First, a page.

Unit 1: PRONUNCIATION OF THE
3rd Person Singular Simple Present,
Saxon Genitive and the Plural
In the section, you are going to learn how to
pronounce the suffix –s/-es that you can find in
• Third person singular verbs (he/she/it)
He wakes up at 7am everyday.
• Plural nouns
We usually buy oranges at the market.
• Saxon genitive (possesive)
John’s house is close to the lake.
• The pronunciation of this suffix shares the same
rules for all of them in spite of their spelling, and it
depends on the sound that precedes them.
The suffix is pronounced as /ɪz/ when the word ends
in one of the following consonants:
/s/, /z/, /ʃ/, /ʒ/, /tʃ/, /dʒ/.
Susan always passes her exams with a good grade.
They have two horses in their country house.
Jess’s friend is so funny!
He usually dresses as he pleases.
I took three quizzes last week.
James’s parents live an hour away from here.
Peter never washes his clothes.
I wash the dishes sometimes.
Have you met Josh’s cousin?
He massages ten clients per day.
We chose two yellows and three beiges for the house.
Blanche’s mother is from France.
/ tʃ /
She usually watches TV after dinner.
Do you have some matches to light the fire?
I think I know Mitch’s new friend.
/ dʒ /
She often judges other people.
The officer wears a lot of badges on his uniform.
Marge’s children are very polite.
The suffix is pronounced as /s/ when the word ends
in one of the following consonants:
/p/, /t/, /k/, /θ/, /f/
He keeps a diary as therapy.
Laura always leaves tips to the waiters.
Kipp’s products are the freshest in the market.
She usually cuts ham into small pieces for her children.
He’s wearing blue shorts this morning.
Pete’s dogs are so lovely.
My grandmother cooks great meals.
She made some cakes this morning.
Are you coming to Mark’s party tonight?
There are two paths we can take.
Keith’s classmates adore him.
She always laughs at his jokes.
These pants lack cuffs and pockets.
We are studying the wolf's anatomy.
The suffix is pronounced as /z/ with the rest of the
/b/, /d/, /g/, /m/, /n/, /ŋ/, /v/, /δ/, /l/, /r/ and
She sobs when she watches drama movies.
They bought some fresh crabs for dinner.
Bob’s job is very interesting.
He always proceeds with caution.
There are many rose buds in our garden.
Chad’s sister is in my class.
I don’t know how he always clogs the toilet.
Put the bags in the kitchen, please.
Doug’s hair is getting thinner.
I like the way she hums when she does house chores.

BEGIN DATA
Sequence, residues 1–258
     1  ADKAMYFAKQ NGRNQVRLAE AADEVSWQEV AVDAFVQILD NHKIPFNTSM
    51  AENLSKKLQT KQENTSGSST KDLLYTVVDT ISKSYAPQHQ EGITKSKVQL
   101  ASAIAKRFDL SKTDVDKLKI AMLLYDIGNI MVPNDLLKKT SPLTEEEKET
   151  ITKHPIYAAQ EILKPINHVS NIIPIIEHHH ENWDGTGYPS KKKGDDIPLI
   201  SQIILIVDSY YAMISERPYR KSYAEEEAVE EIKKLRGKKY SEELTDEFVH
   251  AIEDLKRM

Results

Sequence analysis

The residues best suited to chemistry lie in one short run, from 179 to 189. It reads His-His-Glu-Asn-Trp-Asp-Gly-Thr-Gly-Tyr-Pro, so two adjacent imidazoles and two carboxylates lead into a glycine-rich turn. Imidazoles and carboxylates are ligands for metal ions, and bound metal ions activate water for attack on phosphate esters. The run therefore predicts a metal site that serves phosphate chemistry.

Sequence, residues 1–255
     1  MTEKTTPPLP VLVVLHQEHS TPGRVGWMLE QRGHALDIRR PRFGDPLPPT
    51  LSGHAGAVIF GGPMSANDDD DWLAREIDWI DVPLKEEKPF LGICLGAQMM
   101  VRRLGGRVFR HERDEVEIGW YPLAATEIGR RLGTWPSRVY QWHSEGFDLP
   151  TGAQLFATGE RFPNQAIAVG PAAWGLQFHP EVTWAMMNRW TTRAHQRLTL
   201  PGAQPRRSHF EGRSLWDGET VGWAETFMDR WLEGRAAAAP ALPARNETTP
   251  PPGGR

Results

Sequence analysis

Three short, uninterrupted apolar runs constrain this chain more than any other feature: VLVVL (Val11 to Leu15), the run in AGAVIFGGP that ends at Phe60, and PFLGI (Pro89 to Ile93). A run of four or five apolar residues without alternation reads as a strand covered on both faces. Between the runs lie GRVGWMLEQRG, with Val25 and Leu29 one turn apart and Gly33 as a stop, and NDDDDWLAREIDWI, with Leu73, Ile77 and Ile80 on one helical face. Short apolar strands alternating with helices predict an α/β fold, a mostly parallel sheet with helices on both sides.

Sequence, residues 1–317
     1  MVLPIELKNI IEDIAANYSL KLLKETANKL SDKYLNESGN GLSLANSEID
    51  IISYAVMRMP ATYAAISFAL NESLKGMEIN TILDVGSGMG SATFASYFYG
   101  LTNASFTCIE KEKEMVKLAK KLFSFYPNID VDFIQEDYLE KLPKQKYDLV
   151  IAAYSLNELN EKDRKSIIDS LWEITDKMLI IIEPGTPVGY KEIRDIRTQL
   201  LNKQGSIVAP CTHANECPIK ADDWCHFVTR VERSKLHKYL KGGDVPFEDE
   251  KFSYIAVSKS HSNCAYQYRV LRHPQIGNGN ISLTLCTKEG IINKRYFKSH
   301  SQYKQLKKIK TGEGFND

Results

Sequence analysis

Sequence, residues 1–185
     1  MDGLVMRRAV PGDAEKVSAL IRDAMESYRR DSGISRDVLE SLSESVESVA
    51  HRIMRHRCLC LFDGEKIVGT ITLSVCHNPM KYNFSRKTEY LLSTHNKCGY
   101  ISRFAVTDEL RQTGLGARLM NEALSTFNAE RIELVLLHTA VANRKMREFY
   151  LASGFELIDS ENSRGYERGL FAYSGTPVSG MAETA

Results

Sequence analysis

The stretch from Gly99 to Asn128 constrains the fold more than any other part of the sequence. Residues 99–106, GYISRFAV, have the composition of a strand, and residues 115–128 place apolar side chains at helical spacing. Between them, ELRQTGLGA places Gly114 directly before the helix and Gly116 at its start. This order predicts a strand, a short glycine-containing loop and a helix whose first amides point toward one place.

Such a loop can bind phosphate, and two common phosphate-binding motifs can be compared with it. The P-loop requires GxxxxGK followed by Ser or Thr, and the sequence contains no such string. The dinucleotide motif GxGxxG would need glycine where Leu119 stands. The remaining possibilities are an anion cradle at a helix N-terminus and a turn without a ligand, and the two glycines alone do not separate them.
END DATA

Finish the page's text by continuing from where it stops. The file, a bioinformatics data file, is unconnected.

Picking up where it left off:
Does this soup have clams in it?
Mom’s birthday is coming up soon!
She runs eight miles every day.
There are tons of people waiting outside.
John’s barbecue is this weekend.
He sings in the shower.
How many songs can you play?
Ming’s vases are spectacular.
Helen leaves for Turkey on Monday.
Be careful with the knives on the table.
Viv’s husband travels every month.
Elliot travels frequently.
Do you know how many malls we have in this city?
Jill’s representative works very efficiently.
She transfers money early in the morning.
They have some scars from their accident.
The director’s assistants work more than anyone else.
I don’t know where he goes every afternoon.
They opened two more cafés at the mall.
Carla’s car is better that yours.
WATCH OUT for these 2 spelling
• Plural nouns + Saxon genitive
In this case, the possessive form of the plural noun (girls’) is
formed by adding an apostrophe only and it is pronounced
the same way as the possessive form of the singular noun
The girls’ mother was a wonderful cook.
The girl’s mother was a wonderful cook.
girls’ and girl’s are then pronounced the same way. They only
differ is spelling and meaning.
• Nouns ending in -s + Saxon genitive
James’s mother is a wonderful cook.
The fact that a word ends with the sound /s/ or /z/ does not
necessarily entail that the word is plural. There are many
English words that are singular but end with these 2 sounds,
and many of them are written with the letter “s” or “ss”: bus
/s/, less /s/, James /z/, size /z/, rice /s/, etc.
• If we want to add the Genitive Saxon to these words, we add -
‘s-, because they are singular. For the pronunciation of the
suffix, we follow rule A) as explained in the section above:
Bus = /bʌs/ + /ɪz/ -> bus’s = /'bʌsɪz/
James = /dʒeɪmz/ + / ɪz / -> James’s =/'dʒeɪmzɪz/
Rice = /raɪs/ +/ ɪz / -> rice’s =/'raɪsɪz/